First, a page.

In mid-March, shortly after coronavirus quarantine rules went into effect in New York, sportscaster and former professional tennis player Patrick McEnroe went out for a run in a local park. An itch on his upper-arm a day later revealed an embedded tick, which he promptly removed. After urging from his wife, he sent the tick to a lab to test if it was infected with Lyme.
Normally energetic, McEnroe soon became lethargic and short of breath; he had trouble sleeping and, in the hours he did, his dreams were uncharacteristically bizarre. When his fever hit 100 degrees for two consecutive days, he was tested for COVID-19. His tick test returned positive for Lyme. The next day, his COVID-19 test came back positive, too.
This scenario points to a looming crisis. What happens when a pandemic meets another health crisis? With overlapping symptoms and a ferocious tick season already upon us, we’re in for a confusing — and dangerous — summer.
As two people who have lived with Chronic Lyme for many years, we are well-acquainted with the potential of a rampant, misunderstood infection to alter reality. We also know what can happen when authorities are unclear about precautions and treatment. In fact, we have watched the government’s response to the COVID-19 pandemic unfurl with weary familiarity.
Misinformation began as early as Feb. 19 when Dr. Anthony Fauci told us that the risk of getting coronavirus in the United States was “miniscule.”
This was followed by a tweet Feb. 29 from U.S. Surgeon General Jerome Adams: “Seriously people — STOP BUYING MASKS! They are NOT effective in preventing general public from catching #coronavirus!”
Of course, time has shown us otherwise.
Misinformation about Lyme common
The same types of dangerous misinformation have plagued Lyme. “It’s not a big deal if you get (it),” Dr. Eugene Shapiro, a pediatrician, said. “It’s easy to treat and cure.”
If only that were true!
The cost of inaccurate pronouncements by government officials has been devastating. Originally we were told that COVID-19’s hallmark symptoms were limited to a cough, fever and shortness of breath.
Likewise, with Lyme, we are told to look for a bullseye rash and flu-like symptoms. However, neither are always present, and physical symptoms are often delayed until the initial bite has been forgotten.
Even if you get a “classic” Lyme symptom, many doctors refuse to prescribe antibiotics without a positive test result. Sadly, Lyme tests are notoriously inaccurate.
Worse, by the time results arrive, the infection may have disseminated, causing potentially life-long symptoms that could have been eliminated if appropriately treated early.
When the world first heard that pre-existing conditions can lead to a higher risk for COVID-19 fatalities, it sent an immediate chill through those who struggle with Lyme Disease.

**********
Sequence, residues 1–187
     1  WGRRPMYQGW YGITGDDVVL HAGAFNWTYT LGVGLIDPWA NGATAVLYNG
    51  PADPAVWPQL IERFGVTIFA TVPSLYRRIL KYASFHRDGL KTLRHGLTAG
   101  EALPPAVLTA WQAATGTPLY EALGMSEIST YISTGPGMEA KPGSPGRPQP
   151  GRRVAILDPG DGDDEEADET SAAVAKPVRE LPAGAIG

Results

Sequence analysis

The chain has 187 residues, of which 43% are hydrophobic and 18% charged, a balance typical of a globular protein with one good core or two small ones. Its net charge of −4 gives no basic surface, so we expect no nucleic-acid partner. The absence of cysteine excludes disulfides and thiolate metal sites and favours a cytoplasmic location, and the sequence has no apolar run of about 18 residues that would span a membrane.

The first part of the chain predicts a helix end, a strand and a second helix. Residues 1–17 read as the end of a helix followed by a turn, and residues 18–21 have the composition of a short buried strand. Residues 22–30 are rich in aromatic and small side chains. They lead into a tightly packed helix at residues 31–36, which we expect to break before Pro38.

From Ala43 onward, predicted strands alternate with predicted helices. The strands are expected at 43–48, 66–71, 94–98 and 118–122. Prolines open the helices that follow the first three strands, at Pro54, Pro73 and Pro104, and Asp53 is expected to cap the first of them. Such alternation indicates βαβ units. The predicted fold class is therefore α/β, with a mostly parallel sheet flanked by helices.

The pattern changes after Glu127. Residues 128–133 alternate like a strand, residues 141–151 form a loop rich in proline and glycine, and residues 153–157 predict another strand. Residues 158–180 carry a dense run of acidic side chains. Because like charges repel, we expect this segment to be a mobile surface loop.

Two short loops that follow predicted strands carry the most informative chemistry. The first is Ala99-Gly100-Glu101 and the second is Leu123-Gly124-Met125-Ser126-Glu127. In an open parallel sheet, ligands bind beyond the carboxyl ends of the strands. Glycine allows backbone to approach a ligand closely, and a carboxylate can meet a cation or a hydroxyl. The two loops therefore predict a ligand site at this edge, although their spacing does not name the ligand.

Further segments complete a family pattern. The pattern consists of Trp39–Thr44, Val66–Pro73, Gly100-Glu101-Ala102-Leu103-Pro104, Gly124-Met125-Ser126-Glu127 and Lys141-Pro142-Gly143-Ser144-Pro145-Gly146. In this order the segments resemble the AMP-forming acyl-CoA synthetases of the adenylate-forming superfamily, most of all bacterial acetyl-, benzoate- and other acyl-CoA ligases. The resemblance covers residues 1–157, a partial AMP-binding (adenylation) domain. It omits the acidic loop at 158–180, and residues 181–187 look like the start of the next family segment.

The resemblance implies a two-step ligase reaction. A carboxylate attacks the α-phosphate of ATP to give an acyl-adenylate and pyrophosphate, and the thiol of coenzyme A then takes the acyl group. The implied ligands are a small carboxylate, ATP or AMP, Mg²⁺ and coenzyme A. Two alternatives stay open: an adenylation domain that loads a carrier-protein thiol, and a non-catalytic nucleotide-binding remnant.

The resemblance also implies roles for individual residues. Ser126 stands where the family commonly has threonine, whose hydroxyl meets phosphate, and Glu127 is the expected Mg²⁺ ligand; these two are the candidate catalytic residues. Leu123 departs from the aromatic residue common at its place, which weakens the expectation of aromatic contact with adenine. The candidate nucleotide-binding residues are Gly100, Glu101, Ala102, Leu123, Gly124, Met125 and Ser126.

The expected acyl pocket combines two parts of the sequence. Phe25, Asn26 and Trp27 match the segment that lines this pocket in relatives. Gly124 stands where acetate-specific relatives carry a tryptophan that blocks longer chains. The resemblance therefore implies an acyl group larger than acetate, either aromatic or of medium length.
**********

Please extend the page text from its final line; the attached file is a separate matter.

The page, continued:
Fortunately, Lyme specialists — with their long history of outside-the-box thinking, trial-and-error approach and personalized medicine — have done a great job managing their COVID-19 patients.
When Project Lyme Board member David Roth contracted COVID-19, his general practitioner had little to offer. Roth turned to his long-time Lyme physician, Dr. Richard Horowitz, who quickly got Roth on a protocol that included Hydroxychloroquine, zinc, zithromax and glutathione. Although Roth still has a few lingering symptoms such as fatigue, he feels the worst is over.
Facebook group provides support
Roth’s experience led him to create a Facebook Group, sponsored by Project Lyme, for people dealing with COVID-19 and Lyme. As social distancing recommendations relax with the warmer weather, Project Lyme’s COVID-19 and Lyme page may provide a useful resource.
It may feel to many like COVID-19 is behind us, but experts have warned we are only at the beginning. Don’t just familiarize yourself with the growing panoply of COVID-19 symptoms. Make sure you also know the long list of Lyme symptoms, a list which goes much further than you, and your doctor, might think. A good place to begin your Lyme symptom education is with Dr. Joe Burrascano’s checklist.
And if you do find a tick on yourself, take the advice of prominent tick-borne disease authority Dr. Steven Phillips: “I advise treating tick bites immediately. Waiting for symptoms is unwise. I offer my patients two weeks of doxycycline. I’ve not seen a new case of Lyme following this regimen.”
Isabel Rose is a writer and board member of Project Lyme. She has lived with Chronic Lyme Disease for more than 40 years. Dana Parish is a Sony/ATV songwriter whose life was derailed by a tick bite in 2014. She is co-author of the forthcoming, “CHRONIC: The Hidden Cause of the Autoimmune Pandemic and How to Get Healthy Again,” with Dr. Steven Phillips. Parish sits on the board of Bay Area Lyme Foundation.